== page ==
The tensioning roller has a finger tab for you to push on and it rotates and locks into a retracted position. Like this the belt pops on and off easily, and with the new belt in place, a quarter turn on the finger tab and the tensioner unlocks and grabs the belt.

Although the Blade Grinding Attachment has clamping points, I’ve been using the sharpener sitting under its own weight, and it hasn’t moved or needed to be secured.

The process of using the angled section of the belt, is to first lay the blade on the reference surface at zero degrees, then move up and to the belt. This sequence is showing the process on one side, then the other, and then going to a finer belt and repeating. The last photos in the gallery has an orange item on the right, which is an LED light used to help show the burr that has been raised on the edge.
In this gallery the two rollers that set the angle for the belt are shown in their widest spacing, however, since these images were taken I have changed to the narrower spacing as I prefer the slightly firmer belt tension this creates between the rollers.

Powered sharpeners give you such a massive time saving over manual sharpeners, but it is also possible to make mistakes faster too.

Here I have take on an edge bevel re-profile from a 70 degree inclusive angle to 35 degrees inclusive. The primary grind angle on this blade is quite wide, so as the edge bevel angle was halved, the edge bevel width has increased significantly. In fact the entire edge bezel does not fit in the magnified view.
This re-profiled edge was done using a very light pressure onto the 120 grit belt, followed by a strop using a metal polishing compound. The result was nicely hair popping.

Both the Work Sharp Ken Onion standard sharpening head and the Blade Grinding Attachment use a ‘unsupported belt’. There is no platen behind the section of belt used for sharpening. This is also termed a ‘slack belt’. A consequence of this is that the edge created by the Work Sharp is convexed. You can vary how much the edge is convexed in a couple of ways. With the Blade Grinding Attachment, the rollers that set the angle of the belt can be positioned closer (less convexed edge) or wider apart (more convexed edge). As the belt is ‘slack’ you can also increase pressure onto the belt, which will deflect it more and produce an edge with more pronounced convexing.
All of this allows you to play around with settings and pressure to find the edge bevel shape you prefer; always slightly convexed, but you can decide how much.

I am now going to back to that point about time saving with a powered sharpener; you will either save a lot of time making a knife very sharp, or ruin it in double quick time. No sharpening system is fool-proof. Sharpening, as a process, relies on removing metal and forming a fine cutting edge. Just like sharpening a pencil, you can over sharpen and use the pencil up much faster than needed. A powered pencil sharpener can eat up the entire pencil in no time.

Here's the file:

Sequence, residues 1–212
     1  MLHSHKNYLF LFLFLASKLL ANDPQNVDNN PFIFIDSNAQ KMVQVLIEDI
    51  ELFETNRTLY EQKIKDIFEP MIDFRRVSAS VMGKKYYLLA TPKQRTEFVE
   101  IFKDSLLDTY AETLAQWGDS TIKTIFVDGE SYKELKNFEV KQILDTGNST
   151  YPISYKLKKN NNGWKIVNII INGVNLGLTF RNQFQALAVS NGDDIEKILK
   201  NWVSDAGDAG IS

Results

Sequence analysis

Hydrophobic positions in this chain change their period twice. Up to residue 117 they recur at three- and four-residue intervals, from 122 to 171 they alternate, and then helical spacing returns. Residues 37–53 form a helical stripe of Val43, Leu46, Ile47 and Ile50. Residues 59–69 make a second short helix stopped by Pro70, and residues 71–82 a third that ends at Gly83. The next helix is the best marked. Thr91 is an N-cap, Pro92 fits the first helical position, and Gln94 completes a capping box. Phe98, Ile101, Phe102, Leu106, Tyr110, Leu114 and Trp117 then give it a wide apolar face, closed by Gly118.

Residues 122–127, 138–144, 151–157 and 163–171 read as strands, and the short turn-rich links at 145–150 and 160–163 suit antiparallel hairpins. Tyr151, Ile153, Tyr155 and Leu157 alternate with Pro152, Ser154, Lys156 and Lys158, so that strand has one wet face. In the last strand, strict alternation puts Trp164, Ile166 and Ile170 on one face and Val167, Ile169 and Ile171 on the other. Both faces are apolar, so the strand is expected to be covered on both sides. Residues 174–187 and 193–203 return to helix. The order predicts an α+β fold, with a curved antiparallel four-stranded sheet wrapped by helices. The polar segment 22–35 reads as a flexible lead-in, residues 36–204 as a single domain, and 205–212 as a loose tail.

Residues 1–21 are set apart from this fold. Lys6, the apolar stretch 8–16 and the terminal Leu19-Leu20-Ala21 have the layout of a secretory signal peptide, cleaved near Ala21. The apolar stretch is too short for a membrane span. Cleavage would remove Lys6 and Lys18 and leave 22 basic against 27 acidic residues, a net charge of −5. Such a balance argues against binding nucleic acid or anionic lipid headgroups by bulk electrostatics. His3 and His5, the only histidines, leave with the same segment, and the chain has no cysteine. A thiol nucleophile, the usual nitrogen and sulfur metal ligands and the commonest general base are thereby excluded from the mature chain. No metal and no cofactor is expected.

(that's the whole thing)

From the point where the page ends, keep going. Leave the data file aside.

Sharpening is a skill you need to learn, whatever system you use. Work Sharp, with the Ken Onion Edition, or this extra enhancement of the Blade Grinding Attachment give you an excellent tool, which you will get more and more out of as you learn to work with it.

With a good powered system, and the Work Sharp is excellent, you can concentrate on the skill and control of positioning the blade, without the repeated effort of grinding the metal away yourself. The powered movement of the abrasive allows you to finesse your technique.

Tactical Reviews new standard in sharpness is now ‘WORK SHARP Sharp’ thanks to the Ken Onion Edition Sharpener with Blade Grinding Attachment.

Review Summary

The views expressed in this summary table are from the point of view of the reviewer’s personal use. I am not a member of the armed forces and cannot comment on its use beyond that covered in the review.

Something that might be a ‘pro’ for one user can be a ‘con’ for another, so the comments are categorised based on my requirements. You should consider all points and if they could be beneficial to you.

What doesn’t work so well for me

Very easy to misshape the blade tip (requires good technique to avoid).
The vertical belt section is also not supported and flexes.

Things I like

Complete control of belt speed.
Quick and easy belt changes.
Long duty cycle (rated for 1 hour continuous running).
Allows for varying amount of edge convexing.
Angle of belt set by movable roller assembly.
Very compact for a high quality mini belt grinder.
Super fast sharpening and re-profiling.
Solid build quality.
Very quickly get your edges ‘WORK SHARP Sharp’.